Even when we understand this phenomenon is social, not personal, it can be very hard to change. In writing about it, Sandberg noted about herself, “I learned over time that while it was hard to shake feelings of self-doubt, I could understand that there was a distortion. … I learned to undistort the distortion.”
The words jumped off the page at me as fodder for a wonderful habit changer. Since then, women I’ve worked with have used it to recognize when they’re doubting themselves and to act in spite of their self-doubt, knowing that if they waited until they felt self-confident, they would wait forever. As one woman who used it to start her own business put it, “It helps me remember by feeling of unworthiness is a lie so I don’t have to listen to it as much.”
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To manage stress: “This is only a paper tiger”
When you’re stressed out about something, it can feel a bit like a ravenous tiger is about to devour you. The problem seems overwhelmingly daunting and you don’t see how you can are possibly going to cope. But there is a way out—recognizing that what you are facing is only a paper tiger, not a real one.
This doesn’t mean that there isn’t a problem, just that it’s not one that threatens your life. Neuropsychologist Rick Hanson created this metaphor to illustrate the fact that the stress response was designed to save you from physical danger—like a tiger chasing you. But your amygdala, which is where the stress response originates, can’t differentiate between a tiger and a traffic jam. So it responds as if a tiger were after you when you’re only stuck in line, experiencing a flight delay, or anticipating an important presentation.
Using this habit changer whenever you are stressed reminds your body/mind you’re not in mortal danger so you can clam down and figure out how to deal with that line, delay, or presentation. “This habit changer has been a life saver,” one stressed-out client said to me recently. “It’s made it possible for me to stop, figure out if there even is a problem, solve it when needed, and then proceed with my day more calmly.”
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To quiet anxiety: “Don’t go in your mind where your body is not”
Do you constantly worry about all the terrible thing that might happen? Many of us torture ourselves with this brand of magical thinking: If I worry now, it will help keep the bad thing away.
Actually all you do is make yourself miserable now as you focus on the prospect of misfortune and the unhappiness you will feel if it occurs, which it usually doesn’t! If you’re a chronic worrier, try this habit changer, which comes courtesy of a client of mine.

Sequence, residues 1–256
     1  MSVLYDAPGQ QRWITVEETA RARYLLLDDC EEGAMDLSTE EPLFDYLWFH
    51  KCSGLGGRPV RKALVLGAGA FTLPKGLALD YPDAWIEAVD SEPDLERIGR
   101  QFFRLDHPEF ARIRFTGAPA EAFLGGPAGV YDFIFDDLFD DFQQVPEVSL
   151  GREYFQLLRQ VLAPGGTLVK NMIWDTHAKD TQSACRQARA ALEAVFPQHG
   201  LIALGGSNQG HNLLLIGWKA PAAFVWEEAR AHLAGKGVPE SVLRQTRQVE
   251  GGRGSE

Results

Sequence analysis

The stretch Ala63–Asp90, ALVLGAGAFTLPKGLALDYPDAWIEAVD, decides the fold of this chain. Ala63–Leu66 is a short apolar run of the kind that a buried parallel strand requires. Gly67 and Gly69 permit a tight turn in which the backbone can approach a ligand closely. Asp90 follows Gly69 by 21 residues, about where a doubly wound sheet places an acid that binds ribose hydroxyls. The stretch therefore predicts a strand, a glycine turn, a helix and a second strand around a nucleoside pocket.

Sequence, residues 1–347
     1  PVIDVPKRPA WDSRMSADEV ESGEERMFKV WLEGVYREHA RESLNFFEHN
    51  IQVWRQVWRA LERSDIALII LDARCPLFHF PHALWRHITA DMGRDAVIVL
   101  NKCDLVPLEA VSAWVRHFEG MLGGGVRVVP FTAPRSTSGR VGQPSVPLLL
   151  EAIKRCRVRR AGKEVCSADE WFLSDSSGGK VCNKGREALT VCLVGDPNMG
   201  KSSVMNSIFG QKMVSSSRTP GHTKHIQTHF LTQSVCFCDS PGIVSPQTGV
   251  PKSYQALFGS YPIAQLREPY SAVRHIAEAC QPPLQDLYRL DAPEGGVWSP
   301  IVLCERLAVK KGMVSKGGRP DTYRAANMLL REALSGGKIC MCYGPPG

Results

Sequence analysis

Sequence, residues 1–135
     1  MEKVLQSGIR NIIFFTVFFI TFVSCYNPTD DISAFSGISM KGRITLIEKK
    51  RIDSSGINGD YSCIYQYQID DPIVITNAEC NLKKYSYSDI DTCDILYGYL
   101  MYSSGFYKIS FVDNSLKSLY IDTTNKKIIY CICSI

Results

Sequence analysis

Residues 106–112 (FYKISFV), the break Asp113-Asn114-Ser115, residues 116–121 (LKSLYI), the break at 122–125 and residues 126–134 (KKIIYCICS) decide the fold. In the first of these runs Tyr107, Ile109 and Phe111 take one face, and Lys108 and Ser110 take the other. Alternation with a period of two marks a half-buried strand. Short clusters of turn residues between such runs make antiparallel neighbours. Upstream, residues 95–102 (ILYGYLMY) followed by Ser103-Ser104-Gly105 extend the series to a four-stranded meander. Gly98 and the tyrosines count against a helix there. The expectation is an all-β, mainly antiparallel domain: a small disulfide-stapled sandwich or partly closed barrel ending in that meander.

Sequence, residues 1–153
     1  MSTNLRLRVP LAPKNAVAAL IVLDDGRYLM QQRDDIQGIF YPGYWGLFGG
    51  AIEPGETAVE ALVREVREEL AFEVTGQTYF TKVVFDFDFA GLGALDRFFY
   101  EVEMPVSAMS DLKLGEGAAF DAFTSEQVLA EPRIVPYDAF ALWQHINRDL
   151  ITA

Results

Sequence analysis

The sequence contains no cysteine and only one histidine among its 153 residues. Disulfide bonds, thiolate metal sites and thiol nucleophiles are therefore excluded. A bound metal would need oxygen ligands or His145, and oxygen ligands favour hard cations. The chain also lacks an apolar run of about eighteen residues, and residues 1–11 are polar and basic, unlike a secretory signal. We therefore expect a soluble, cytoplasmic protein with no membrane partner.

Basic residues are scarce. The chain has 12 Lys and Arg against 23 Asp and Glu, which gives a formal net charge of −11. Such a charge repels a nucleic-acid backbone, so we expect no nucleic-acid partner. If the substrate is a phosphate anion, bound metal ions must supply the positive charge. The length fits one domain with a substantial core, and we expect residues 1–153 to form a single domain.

I was working with her to stop worrying about all the possible future catastrophes that could befall her and suggested that she say to herself, I’ll cross that bridge when I come to it. Soon after that we came to the end of her coaching engagement and she moved on to an overseas work assignment. A couple years later, she called me out of the blue to say how helpful it had been to learn to “not go in her mind where her body is not.” It had completely eliminated her worrying.
I was so delighted with her translation that now I give it to all my worriers. Use it to remind yourself that all worries are in the future and likely will not come to pass. You’re not there yet—it’s all happening in your mind. And if some terrible thing does indeed happen, you can deal with when it arrives.
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To summon strength: “Look how far I’ve come”
This is a strategy long-distance runners use to resist the temptation to give up when they’re tired or in pain. Scientists call it the horizon effect. Rather than focusing on how far they still have to go, they encourage themselves to keep at it based on the progress they’ve already made.
When I have clients with a tendency to focus on their mistakes when they’re learning a new behavior, I give them this habit changer to help them cultivate the resilience to keep at it. Because of the brain’s tendency to be Velcro for the negative and Teflon for the positive, as Rick Hanson describes our inborn negativity bias, when people encounter a minor setback, they often lose sight of the progress they’ve made.
I’ll never forget the client who called me to say she was a “total failure” at managing her anger because she’d stomped down the hall after a meeting. She was ready to give up on her anger-management efforts altogether. I reminded her that it was the first time she’d lost her temper in three months, whereas before it had been a weekly occurrence. Once she adopted this habit changer, it helped her stick to the techniques she’d found useful. Plus it helped her get back on the horse when she messed up, because she was able to see it as just an occasional slip-up rather than a fundamental failure. Use this mantra when you need help sticking to whatever it is you’re’ working on.
Adapted from Habit Changers: 81 Game-Changing Mantras to Mindfully Realize Your Goals by M.J. Ryan, available from Crown Business/Crown Publishing Group.
Posted: 19 Oct 2016 01:00 PM PDT